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Open Top Containers

Open Top Shipping Containers

Open top shipping containers are designed to simplify the process of transporting heavy cargo. These specialised containers have a roof consisting of removable bows and tarpaulin. The tarpaulin is secured by the roof bows and is made to protect all cargo, storage items or machinery from all weather conditions. The tarpaulin and bows can be easily removed, enabling quick access to the cargo inside. Open top containers also have end doors to provide further flexibility when unloading the cargo.

Open Top Container Uses

Open top containers offer a variety of useful functions. They are primarily used to store bulk goods and transport heavy machinery that cannot fit inside a hard top shipping container. They are particularly useful for businesses that need to safely transport extra long or tall cargo. Items most often stored inside open top shipping containers include machinery, industrial boilers, steel bars, steel pipes and cables. Packing and unpacking of these contents is usually done from above or through the doors using a crane.

The standard sizes for open top containers are 20ft and 40ft. They are ideal for carrying an over-height cargo of over 2.54m. 20ft open top containers typically have a maximum cubic capacity of about 32.2 cubic meters, while 40ft containers have a larger capacity of approximately 65 cubic meters. For more information, read our shipping container dimensions and sizes page.

The open top shipping containers for sale from SEA Containers aren’t just used for storage and transport purposes, they have also been used to create unconventional buildings for commercial purposes. Architects are constantly finding new ways to repurpose shipping containers. This is a growing trend in the shipping container industry. Containers with open tops have been used to create mini markets, open patios, outdoor area cafes, coffee shops and pop up shops or restaurants. The structure of the open top container creates a unique open-air environment, while still providing privacy around the sides of the walls.



Flat Rack Containers vs Open Top Containers

Open top containers have side walls made of corrugated steel. As they are closed on the sides, cargo has to be unloaded from the top or through the doors. Flat racks, on the other hand, have no side walls but do typically have fixed or removable end walls for heavy loading. Flat rack containers are most suitable for overweight cargos or heavy loads that need to be unpacked from the top or the sides. They are ideal for carrying oversized items like vehicles or heavy machinery. The floor is reinforced to withstand the pressure of the heavyweight cargo.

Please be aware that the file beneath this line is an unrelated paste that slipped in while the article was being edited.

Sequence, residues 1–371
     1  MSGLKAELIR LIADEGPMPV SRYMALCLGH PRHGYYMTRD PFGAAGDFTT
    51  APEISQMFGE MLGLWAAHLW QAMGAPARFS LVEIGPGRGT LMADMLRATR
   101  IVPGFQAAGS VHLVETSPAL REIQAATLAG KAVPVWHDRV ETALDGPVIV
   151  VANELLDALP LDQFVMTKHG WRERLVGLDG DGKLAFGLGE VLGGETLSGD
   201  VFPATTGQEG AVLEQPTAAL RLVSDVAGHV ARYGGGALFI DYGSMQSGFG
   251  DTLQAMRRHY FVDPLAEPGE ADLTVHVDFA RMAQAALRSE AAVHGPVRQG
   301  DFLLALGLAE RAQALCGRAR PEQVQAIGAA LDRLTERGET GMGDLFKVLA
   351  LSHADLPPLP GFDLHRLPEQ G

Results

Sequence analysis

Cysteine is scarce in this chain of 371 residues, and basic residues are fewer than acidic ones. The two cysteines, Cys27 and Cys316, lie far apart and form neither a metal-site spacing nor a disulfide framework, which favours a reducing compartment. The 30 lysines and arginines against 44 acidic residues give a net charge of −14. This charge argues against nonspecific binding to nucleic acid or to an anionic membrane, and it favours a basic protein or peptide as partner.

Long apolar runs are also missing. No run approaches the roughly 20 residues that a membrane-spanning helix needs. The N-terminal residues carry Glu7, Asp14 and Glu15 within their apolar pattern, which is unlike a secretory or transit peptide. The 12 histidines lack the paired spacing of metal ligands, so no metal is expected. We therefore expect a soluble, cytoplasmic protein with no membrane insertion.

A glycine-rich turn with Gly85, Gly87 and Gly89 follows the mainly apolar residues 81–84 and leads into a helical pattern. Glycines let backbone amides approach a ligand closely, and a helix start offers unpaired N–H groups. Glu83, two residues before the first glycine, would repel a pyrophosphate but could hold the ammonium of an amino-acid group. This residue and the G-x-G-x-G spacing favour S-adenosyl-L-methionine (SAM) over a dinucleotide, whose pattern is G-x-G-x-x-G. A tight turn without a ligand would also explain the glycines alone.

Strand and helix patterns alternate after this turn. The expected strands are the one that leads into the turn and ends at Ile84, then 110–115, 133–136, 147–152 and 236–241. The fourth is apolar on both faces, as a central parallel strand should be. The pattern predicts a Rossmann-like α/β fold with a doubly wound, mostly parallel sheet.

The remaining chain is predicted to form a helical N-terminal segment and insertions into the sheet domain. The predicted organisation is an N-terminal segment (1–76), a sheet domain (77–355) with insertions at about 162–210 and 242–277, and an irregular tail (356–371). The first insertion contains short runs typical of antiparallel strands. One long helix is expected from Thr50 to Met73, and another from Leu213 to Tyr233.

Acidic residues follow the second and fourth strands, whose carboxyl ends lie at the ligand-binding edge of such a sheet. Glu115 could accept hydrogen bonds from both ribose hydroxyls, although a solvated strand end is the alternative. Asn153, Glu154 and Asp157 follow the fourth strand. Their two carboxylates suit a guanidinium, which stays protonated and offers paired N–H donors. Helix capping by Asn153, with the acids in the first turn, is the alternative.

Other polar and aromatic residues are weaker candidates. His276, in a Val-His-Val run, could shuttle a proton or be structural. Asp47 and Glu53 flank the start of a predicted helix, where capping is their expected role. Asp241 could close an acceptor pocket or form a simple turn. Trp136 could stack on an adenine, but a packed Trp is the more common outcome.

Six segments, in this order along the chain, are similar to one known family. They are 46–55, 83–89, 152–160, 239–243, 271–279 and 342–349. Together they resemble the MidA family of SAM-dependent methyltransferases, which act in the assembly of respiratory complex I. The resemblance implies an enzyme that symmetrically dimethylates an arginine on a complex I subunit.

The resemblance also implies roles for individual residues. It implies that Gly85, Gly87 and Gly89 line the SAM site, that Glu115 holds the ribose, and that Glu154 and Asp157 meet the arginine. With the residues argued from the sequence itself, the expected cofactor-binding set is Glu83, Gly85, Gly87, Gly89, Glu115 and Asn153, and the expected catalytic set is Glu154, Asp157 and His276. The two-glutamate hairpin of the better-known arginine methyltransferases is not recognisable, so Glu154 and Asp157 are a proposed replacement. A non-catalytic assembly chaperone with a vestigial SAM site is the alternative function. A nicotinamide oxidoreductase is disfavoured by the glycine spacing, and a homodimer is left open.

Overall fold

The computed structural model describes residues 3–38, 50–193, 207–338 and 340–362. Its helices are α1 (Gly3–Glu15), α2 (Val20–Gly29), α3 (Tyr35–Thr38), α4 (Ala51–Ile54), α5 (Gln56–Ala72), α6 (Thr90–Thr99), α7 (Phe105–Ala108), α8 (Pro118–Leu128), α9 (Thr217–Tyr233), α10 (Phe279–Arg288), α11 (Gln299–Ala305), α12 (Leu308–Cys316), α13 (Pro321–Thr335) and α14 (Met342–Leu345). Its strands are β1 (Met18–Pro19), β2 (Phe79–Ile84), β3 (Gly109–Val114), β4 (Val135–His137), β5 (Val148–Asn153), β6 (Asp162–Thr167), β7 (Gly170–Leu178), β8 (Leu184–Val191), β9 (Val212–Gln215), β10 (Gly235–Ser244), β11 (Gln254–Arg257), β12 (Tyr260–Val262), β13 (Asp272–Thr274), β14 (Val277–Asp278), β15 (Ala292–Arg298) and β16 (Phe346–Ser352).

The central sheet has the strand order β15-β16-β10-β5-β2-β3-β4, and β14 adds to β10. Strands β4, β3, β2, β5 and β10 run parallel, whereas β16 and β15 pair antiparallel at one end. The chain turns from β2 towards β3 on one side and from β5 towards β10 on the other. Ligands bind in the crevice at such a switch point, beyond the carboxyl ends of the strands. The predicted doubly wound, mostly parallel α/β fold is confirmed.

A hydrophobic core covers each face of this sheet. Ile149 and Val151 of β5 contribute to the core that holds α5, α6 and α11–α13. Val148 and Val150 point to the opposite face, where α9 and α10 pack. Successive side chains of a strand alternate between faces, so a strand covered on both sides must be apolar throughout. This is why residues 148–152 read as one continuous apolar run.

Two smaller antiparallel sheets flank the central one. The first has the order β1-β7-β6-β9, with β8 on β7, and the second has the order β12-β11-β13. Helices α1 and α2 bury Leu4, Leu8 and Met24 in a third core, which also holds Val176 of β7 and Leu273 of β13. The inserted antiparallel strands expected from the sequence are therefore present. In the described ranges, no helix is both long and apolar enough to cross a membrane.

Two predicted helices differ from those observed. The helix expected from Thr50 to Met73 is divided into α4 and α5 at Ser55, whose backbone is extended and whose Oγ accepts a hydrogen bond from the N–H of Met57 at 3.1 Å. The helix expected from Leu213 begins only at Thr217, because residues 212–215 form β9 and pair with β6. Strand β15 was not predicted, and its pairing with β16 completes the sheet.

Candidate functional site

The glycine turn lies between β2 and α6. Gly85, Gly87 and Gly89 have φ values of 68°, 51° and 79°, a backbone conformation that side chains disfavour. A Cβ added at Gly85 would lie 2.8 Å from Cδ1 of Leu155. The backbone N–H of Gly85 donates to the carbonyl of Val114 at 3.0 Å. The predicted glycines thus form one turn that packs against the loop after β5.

To secure the cargo, lashing rings are installed in the rails, the floor and the corner posts.

The end walls are also stable enough for several flat racks to be safely stacked on top each other.

While mainly used to carry large and heavy cargo, flat racks do have other uses. Like open top containers, flat rack containers have been repurposed in various creative ways. Flat racks provide a stable platform that makes them ideal for creating balconies or open porches. They have also been used to add floor space within storage crate homes and buildings. This helps to create an open layout without removing any existing walls. The standard dimensions of flat rack containers are 20ft and 40ft.




"When I started to look for a container for storage and solar panel array mounting, I can to the problem not knowing very much.  I contacted a few suppliers who basically responded with a quote.  Only John at SEA Containers contacted me me to discuss options and sort out what I really needed.  John visited me on site and even brought along the transport company to check access.  Access did have a few tight spots.

My specification was unusual, and it took a while but what arrived was what I wanted, and it went in place without a hitch.  John was there for delivery - great end to end service.

I have no hesitation in recommending John and SEA Containers if you are looking for any container option."

John L. Walley




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